A new world order emerged at the G20 world leaders' meeting in Hamburg last week.
Three countries led by progressive-minded leaders – Germany, France and Canada – have assumed the moral leadership of the free world and will now attempt to chart its course.
The G20 represents two-thirds of the world's population and all industrialized major economies. Member countries have about two-thirds of the world's population, produce 80 per cent of its economic output, and account for three-quarters of global trade.
As the United States slips voluntarily behind the curtains, the new invigorated leadership that emerged at G20 will likely ensure that this new world order is not directed by a single superpower (or by bipolar ones).
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Among G20 members, Russia and the United States will continue to flex military muscle around the world's trouble spots. The latter remains an economic might to contend with on the world stage.
Since coming to power, President Donald Trump voluntarily withdrew the United States from a number of agenda items being pursued by fellow world leaders, including tackling the effects of climate change and pursuing free trade agreements.
The unilateralist stand isolates the United States. Syria and Nicaragua are the only other two countries in the world which have not signed the Paris Agreement on climate change. Furthermore, others in the G20 remain enthusiastic about promoting free trade.
French President Emmanuel Macron has already announced plans to convene a summit in December in Paris on climate change. Germany’s Angela Merkel, who chaired the G20 summit, emerged as a responsible and trusted leader to manage world affairs.
Trump’s 20-minute bilateral meeting with his Russian counterpart Vladimir Putin extended to over two hours – a good sign for diplomacy. The two discussed and agreed on a ceasefire plan for Syria.
Other G20 countries will have their own to-do lists
Meanwhile, China will continue to steadily but actively enhance its economic and military capabilities, as it steps up the ladder in its desire to become a world leader.
Japan, India and the U.S. will continue to develop closer relations to contain and challenge Chinese expansionist moves.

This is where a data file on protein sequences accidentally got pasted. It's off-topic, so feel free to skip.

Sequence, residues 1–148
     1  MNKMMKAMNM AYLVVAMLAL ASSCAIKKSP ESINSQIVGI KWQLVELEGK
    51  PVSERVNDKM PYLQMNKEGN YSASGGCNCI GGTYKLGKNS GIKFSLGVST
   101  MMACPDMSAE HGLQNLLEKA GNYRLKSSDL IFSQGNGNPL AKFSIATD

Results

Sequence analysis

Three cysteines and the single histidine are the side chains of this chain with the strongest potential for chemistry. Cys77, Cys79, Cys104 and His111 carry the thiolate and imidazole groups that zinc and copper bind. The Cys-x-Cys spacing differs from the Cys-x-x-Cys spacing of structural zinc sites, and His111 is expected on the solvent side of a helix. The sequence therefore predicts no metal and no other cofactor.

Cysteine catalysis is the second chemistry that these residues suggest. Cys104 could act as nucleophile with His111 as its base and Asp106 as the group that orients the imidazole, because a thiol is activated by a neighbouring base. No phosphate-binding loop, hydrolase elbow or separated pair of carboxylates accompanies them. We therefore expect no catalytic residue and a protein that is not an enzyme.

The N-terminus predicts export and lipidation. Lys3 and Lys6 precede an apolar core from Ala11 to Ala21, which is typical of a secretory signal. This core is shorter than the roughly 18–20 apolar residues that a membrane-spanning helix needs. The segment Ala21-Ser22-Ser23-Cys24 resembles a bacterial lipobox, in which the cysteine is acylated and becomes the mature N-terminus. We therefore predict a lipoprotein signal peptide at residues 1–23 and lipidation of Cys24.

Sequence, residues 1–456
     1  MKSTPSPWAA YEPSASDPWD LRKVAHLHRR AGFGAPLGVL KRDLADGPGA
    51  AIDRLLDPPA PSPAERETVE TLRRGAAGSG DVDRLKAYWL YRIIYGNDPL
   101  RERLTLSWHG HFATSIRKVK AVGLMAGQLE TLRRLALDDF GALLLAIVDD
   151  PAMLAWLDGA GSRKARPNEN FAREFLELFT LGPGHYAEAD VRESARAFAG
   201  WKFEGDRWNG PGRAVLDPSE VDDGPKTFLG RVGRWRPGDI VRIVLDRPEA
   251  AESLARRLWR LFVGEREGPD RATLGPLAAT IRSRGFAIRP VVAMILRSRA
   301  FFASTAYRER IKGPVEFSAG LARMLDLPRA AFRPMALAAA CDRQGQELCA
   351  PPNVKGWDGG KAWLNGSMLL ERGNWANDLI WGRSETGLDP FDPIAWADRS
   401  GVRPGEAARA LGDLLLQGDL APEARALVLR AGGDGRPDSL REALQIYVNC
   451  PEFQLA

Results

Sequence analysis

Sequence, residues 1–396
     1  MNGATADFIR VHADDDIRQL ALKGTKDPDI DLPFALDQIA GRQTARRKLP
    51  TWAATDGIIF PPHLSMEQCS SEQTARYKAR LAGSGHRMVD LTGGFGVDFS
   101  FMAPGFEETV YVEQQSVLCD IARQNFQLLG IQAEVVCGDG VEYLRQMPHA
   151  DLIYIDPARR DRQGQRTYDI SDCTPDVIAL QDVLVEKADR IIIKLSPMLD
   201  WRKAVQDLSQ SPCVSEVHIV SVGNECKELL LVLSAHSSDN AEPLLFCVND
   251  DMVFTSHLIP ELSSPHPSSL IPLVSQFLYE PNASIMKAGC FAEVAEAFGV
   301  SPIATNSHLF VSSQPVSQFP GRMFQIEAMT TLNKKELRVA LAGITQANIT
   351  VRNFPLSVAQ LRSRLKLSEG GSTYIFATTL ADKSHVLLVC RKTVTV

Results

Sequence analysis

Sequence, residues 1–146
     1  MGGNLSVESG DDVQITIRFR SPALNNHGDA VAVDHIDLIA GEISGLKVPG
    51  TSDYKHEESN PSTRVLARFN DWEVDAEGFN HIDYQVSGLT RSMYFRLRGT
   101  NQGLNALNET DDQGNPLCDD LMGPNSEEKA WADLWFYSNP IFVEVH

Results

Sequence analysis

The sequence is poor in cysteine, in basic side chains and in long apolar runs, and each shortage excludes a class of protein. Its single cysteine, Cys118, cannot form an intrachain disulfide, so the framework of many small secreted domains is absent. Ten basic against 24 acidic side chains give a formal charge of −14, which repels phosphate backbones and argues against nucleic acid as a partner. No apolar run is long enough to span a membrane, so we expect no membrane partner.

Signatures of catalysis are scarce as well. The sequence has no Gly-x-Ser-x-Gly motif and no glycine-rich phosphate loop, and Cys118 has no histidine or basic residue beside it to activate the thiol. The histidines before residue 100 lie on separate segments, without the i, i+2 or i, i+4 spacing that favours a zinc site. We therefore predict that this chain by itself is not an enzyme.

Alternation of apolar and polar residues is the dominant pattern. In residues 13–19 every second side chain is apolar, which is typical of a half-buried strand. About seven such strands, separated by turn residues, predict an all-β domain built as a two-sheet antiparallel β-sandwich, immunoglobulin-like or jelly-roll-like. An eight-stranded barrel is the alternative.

Xenophobia-gripped Britain is busy navel gazing following the Brexit referendum’s signal that a majority of those who voted in the United Kingdom wish to exit the European Union's single market of 28 nations with a population of over 500 million.
Britain is trying to sort out many things on various fronts, including how to disengage (and at what cost) from Europe; Scottish independence; immigration; terrorism attacks; and the Conservative Party trying to stay in power after having blown away its majority in an unnecessary recent election.
Australia, Japan, Mexico and South Korea will continue to pay attention to their economies and stay the course, charted by their allies, which thus far has served them well.
India will continue to struggle to impress the world with its economic prowess while facing challenges on the domestic front. It is struggling in its bid to form reliable and trusting alliances with the western world.
And Brazil’s preoccupation with domestic political challenges hamper its ability to make any significant contribution to the evolving world order.
Argentina, Indonesia, Italy, Saudi Arabia, Spain (a permanent guest at the G20), and South Africa will continue to trudge along with nothing new, different or dynamic to offer to help chart a new course. However, Turkey remains a wild card as its President Recep Erdogan shuffles and shuttles between capitals trying to find an ally and a role for his nation.
Saudi Arabia, the only Arab country in the G20, and South Africa, the only African country in the group, are preoccupied with regional and domestic issues, respectively. South Africa is facing massive economic challenges, especially with a slowdown in its mining sector and continuing corruption charges against President Jacob Zuma from within his party. South Africa’s pre-occupation with domestic political shenanigans has rendered it impotent to play any constructive role on the African continent.
Canada will have a special role as broker
Here is where Canada can step in as a trusted, reliable and honest diplomatic broker on the world stage.
The United States may have sidelined itself on a number of major issues at the G20 Summit, but it still remains an economic, military and political giant on the world stage. Who better than Ottawa to be the interlocutor and listening post for many countries of the world – not only because of its physical proximity, but also because of the two countries' intertwined relationship on all matters, including trade, defence and culture.
No one reads the United States better than Canada. Hence Ottawa will be a hub of diplomatic flurry, under the radar of course, seeking and reading signals emanating from its neighbour to the south. Canadian diplomats will become a sought-after and prized commodity for some of the 126 diplomatic missions in Ottawa.
The United States also knows better than to ignore Canada, a valued and trusted neighbour and partner in many international forums. In its dealings with the Trump administration Canada has wisely chosen to navigate diplomatically, rather than take a confrontational approach.
The chemistry between Trudeau and Macron works well and the political tango between the two will likely pick up in step, as they are of the same vintage and similar viewpoints. They will work together with another congenial and like-minded colleague, Germany’s Angela Merkel, to make the world a better place.
Bhupinder S. Liddar is a retired Canadian diplomat and former editor/publisher of Diplomat & International Canada magazine.